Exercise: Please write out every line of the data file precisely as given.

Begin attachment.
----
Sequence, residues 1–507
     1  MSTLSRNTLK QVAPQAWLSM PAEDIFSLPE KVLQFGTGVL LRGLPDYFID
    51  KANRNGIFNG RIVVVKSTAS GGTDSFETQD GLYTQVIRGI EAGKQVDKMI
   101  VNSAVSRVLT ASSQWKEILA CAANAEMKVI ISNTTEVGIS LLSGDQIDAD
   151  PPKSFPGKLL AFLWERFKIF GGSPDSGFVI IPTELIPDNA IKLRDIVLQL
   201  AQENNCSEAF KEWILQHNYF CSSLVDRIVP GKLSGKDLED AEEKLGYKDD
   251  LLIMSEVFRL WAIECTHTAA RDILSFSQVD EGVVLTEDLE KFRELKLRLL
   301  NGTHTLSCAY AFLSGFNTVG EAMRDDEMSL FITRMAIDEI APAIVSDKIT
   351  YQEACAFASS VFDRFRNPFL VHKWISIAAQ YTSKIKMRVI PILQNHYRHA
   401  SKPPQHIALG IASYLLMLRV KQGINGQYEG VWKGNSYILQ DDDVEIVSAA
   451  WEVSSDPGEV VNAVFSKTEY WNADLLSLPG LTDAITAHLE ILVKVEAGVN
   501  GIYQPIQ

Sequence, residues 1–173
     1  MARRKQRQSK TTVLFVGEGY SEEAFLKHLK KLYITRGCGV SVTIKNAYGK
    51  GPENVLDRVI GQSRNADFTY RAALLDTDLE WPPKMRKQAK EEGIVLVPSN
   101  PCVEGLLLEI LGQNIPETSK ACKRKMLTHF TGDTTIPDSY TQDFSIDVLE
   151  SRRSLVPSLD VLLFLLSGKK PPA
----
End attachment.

Sequence, residues 1–507
     1  MSTLSRNTLK QVAPQAWLSM PAEDIFSLPE KVLQFGTGVL LRGLPDYFID
    51  KANRNGIFNG RIVVVKSTAS GGTDSFETQD GLYTQVIRGI EAGKQVDKMI
   101  VNSAVSRVLT ASSQWKEILA CAANAEMKVI ISNTTEVGIS LLSGDQIDAD
   151  PPKSFPGKLL AFLWERFKIF GGSPDSGFVI IPTELIPDNA IKLRDIVLQL
   201  AQENNCSEAF KEWILQHNYF CSSLVDRIVP GKLSGKDLED AEEKLGYKDD
   251  LLIMSEVFRL WAIECTHTAA RDILSFSQVD EGVVLTEDLE KFRELKLRLL
   301  NGTHTLSCAY AFLSGFNTVG EAMRDDEMSL FITRMAIDEI APAIVSDKIT
   351  YQEACAFASS VFDRFRNPFL VHKWISIAAQ YTSKIKMRVI PILQNHYRHA
   401  SKPPQHIALG IASYLLMLRV KQGINGQYEG VWKGNSYILQ DDDVEIVSAA
   451  WEVSSDPGEV VNAVFSKTEY WNADLLSLPG LTDAITAHLE ILVKVEAGVN
   501  GIYQPIQ

Sequence, residues 1–173
     1  MARRKQRQSK TTVLFVGEGY SEEAFLKHLK KLYITRGCGV SVTIKNAYGK
    51  GPENVLDRVI GQSRNADFTY RAALLDTDLE WPPKMRKQAK EEGIVLVPSN
   101  PCVEGLLLEI LGQNIPETSK ACKRKMLTHF TGDTTIPDSY TQDFSIDVLE
   151  SRRSLVPSLD VLLFLLSGKK PPA